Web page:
5.6 Limitations of the model and main conclusions
A limitation of this study is the simplistic ISO and AA drug model implementations, both of which could be more comprehensive if informed by a wider range of literature and if specific to individual drugs. Another limitation is that the model is based on rats, not humans. Rats are commonly used in cardiology research meaning there is a wide range of experimental data accessible. But it is important to corroborate findings present in this study with work in higher mammals/and or humans to ascertain whether the proposed mechanisms do translate to the clinical setting. The Ca2+ handling model used in this study is a 0D deterministic implementation of a 3D stochastic model, and therefore does not recapitulate spontaneous behaviour which is known to occur physiologically (e.g spontaneous Ca2+ release events at high SR calcium loads above 1.1mM, Colman (2019)(55) . A 3D single cell stochastic model would be required to test spontaneous arrhythmic behaviour upon stimulation to confirm if pro-arrhythmic activity from the simulations ran in this study(109,110). Single cell models only give an indication of pro-arrhythmic activity, as arrhythmias are inherently tissue scale phenomena, therefore tissue scale modelling would allow the effects of single cell activity on tissue and organ-level behaviour to occur. One such example is quantification of the vulnerable window, which is the spatio-temporal location at which a second impulse can produce a unidirectional propagating wave of excitation and lead to arrhythmic behaviour(111,112). The vulnerable window is known to be increased by electrical remodelling, as has been implemented in the single cell model used in this study which highlights the importance of progressing to tissue level simulations(113). Preliminary results using the 3D model showed that ISO induces spontaneous Ca2+ release in female ventricular myocytes, but not in male, and that these events were not abolished with class III AA drugs (data not shown). However, they were by class IV AA drugs.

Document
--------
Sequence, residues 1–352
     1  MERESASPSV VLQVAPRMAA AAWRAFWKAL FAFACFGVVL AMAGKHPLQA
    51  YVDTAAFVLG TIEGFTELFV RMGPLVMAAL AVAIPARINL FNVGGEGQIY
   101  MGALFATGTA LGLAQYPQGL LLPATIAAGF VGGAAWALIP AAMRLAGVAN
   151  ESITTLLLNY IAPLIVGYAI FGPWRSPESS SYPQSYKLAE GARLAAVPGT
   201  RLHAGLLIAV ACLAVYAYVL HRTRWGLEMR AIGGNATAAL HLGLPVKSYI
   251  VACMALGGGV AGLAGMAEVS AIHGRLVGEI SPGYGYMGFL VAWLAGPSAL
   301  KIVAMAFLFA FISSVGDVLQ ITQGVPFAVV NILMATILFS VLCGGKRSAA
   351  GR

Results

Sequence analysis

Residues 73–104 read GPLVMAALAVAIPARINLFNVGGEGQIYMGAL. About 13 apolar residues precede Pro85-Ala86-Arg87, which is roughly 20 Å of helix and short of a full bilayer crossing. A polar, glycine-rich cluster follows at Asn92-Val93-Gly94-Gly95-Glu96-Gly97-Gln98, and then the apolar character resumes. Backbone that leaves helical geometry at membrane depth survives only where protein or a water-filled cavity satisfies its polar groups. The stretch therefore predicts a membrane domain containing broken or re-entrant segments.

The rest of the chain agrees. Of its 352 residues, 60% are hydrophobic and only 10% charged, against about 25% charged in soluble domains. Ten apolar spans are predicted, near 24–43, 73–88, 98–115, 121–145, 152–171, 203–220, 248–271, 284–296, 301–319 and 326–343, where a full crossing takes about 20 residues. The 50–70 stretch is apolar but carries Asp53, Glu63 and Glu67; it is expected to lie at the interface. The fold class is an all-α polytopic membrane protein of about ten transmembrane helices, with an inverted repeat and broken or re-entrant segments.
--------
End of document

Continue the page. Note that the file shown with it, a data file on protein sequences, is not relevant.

This suggests that the protective effect of class III anti-arrhythmics by APD prolongation and refractory period extension against re-entrant arrhythmia development may not prevent against arrhythmogenesis, as spontaneous Ca2+ release events may still manifest. Thus, females may be more suited to class IV anti-arrhythmic drugs which act to reduce Ca2+ load, whereas males may be better suited to class III anti-arrhythmic drugs which act to prevent re-entrant arrhythmias from refractory period prolongation.
Extension against re-entrant arrhythmia development may not prevent against arrhythmogenesis, as spontaneous Ca2+ Despite the limitations, computational modelling provides framework for the investigation of complex, multiscale phenomena such as arrhythmogenesis without the ethical and experimental burden.